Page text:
Around the start of the common era, and thereafter, a syncretism of Haituka schools (Nyaya, Vaisheshika, Samkhya and Yoga), the Smarta schools (Mimamsa, Vedanta) with ancient theistic ideas (bhakti, tantric) gave rise to a growth in traditions such as Shaivism, Vaishnavism and Shaktism.[24] Hiltebeitel and Flood locate the origins of a revived orthodox Smarta Tradition in the (early) Classical Period of Hinduism, particularly with nondualist (Advaita) interpretation of Vedanta,[25] around the time when different Hindu traditions emerged from the interaction between Brahmanism and local traditions.[7]

The Synthesis[edit]

The revived Smarta Tradition attempted to integrate varied and conflicting devotional practices, with its ideas of nondual experience of Atman (self, soul) as Brahman.[26] The rapprochement included the practice of pancayatana-puja (five shrine worship), wherein a Hindu could focus on any saguna deity of choice (istadevata) such as Vishnu, Shiva, Durga, Surya or Ganesha, as an interim step towards realizing the nirguna Brahman.[26] The growth of this Smarta Tradition began in the Gupta period (4th-5th century CE), and likely was dominated by Dvija classes, in particular the Brahmins,[27] of the early medieval Indian society.[28] This Smarta Tradition competed with other major traditions of Hinduism such as Shaivism, Vaishnavism, and Shaktism.[28] The ideas of Smarta Tradition were historically influential, creative with concepts such as of Harihara (half Shiva, half Vishnu deity) and Ardhanarishvara (half woman, half man deity), and many of the major scholars of Shaivism, Vaishnavism, Shaktism and Bhakti movement came out of the Smarta Tradition.[28]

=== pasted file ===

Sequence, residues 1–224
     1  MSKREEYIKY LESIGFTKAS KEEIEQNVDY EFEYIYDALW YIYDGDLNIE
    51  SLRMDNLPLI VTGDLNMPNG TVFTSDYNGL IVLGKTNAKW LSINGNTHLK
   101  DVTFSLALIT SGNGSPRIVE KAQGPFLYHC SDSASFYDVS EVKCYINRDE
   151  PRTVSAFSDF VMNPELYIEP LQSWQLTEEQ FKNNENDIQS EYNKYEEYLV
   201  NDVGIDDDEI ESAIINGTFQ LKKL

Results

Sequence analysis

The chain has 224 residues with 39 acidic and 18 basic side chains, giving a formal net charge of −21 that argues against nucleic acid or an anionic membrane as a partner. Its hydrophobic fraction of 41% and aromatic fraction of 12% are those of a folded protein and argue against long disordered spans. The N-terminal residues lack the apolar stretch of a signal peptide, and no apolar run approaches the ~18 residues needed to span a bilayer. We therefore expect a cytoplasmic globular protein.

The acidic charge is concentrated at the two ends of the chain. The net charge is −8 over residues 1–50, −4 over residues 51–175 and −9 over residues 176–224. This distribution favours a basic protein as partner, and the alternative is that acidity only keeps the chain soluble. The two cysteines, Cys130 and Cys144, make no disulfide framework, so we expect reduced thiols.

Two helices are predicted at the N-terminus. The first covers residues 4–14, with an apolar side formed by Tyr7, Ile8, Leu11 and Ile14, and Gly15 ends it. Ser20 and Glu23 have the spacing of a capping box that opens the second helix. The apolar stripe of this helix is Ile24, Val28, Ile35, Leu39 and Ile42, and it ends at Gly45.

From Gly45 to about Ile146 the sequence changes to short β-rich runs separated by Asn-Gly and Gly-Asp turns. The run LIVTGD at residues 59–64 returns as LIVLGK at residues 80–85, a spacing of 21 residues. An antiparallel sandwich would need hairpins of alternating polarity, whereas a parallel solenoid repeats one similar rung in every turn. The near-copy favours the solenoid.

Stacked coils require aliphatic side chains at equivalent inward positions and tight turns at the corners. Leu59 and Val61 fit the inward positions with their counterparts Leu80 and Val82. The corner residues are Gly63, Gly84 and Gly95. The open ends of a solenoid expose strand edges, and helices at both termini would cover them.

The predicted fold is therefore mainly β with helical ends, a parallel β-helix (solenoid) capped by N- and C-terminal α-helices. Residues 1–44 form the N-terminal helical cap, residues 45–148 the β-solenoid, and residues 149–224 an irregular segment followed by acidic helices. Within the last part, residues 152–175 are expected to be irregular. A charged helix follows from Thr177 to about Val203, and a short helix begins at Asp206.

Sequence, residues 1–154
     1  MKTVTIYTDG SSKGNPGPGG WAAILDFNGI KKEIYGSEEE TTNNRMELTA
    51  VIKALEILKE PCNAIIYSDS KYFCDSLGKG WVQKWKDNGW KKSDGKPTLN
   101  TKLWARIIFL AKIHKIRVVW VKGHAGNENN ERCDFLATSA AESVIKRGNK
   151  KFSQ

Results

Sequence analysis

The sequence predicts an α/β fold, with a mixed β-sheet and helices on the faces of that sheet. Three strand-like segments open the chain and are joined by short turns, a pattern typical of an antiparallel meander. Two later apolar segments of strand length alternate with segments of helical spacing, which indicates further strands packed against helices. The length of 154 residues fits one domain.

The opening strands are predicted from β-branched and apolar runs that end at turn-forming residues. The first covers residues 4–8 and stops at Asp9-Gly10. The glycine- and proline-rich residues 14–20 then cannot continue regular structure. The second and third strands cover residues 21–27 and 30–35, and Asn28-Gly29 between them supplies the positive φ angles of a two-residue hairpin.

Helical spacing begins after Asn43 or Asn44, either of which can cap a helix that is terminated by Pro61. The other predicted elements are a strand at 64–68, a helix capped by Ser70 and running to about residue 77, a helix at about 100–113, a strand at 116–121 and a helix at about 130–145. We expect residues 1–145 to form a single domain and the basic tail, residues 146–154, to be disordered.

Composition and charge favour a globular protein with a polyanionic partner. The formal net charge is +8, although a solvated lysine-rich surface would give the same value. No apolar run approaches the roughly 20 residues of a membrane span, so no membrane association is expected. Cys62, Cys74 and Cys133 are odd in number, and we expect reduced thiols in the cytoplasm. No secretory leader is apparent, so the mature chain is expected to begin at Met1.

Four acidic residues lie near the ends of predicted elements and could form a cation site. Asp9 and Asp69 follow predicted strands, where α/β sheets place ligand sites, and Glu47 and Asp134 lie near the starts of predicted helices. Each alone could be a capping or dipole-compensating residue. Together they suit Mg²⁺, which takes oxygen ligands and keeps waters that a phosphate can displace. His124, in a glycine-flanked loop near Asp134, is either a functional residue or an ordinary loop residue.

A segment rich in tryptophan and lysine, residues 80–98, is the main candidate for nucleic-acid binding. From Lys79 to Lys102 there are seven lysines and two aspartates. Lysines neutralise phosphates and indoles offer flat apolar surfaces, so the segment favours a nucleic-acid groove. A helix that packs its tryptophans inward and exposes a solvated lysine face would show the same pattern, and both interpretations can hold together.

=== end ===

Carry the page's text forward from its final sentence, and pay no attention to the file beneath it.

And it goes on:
Recognition of Smarta as a tradition[edit]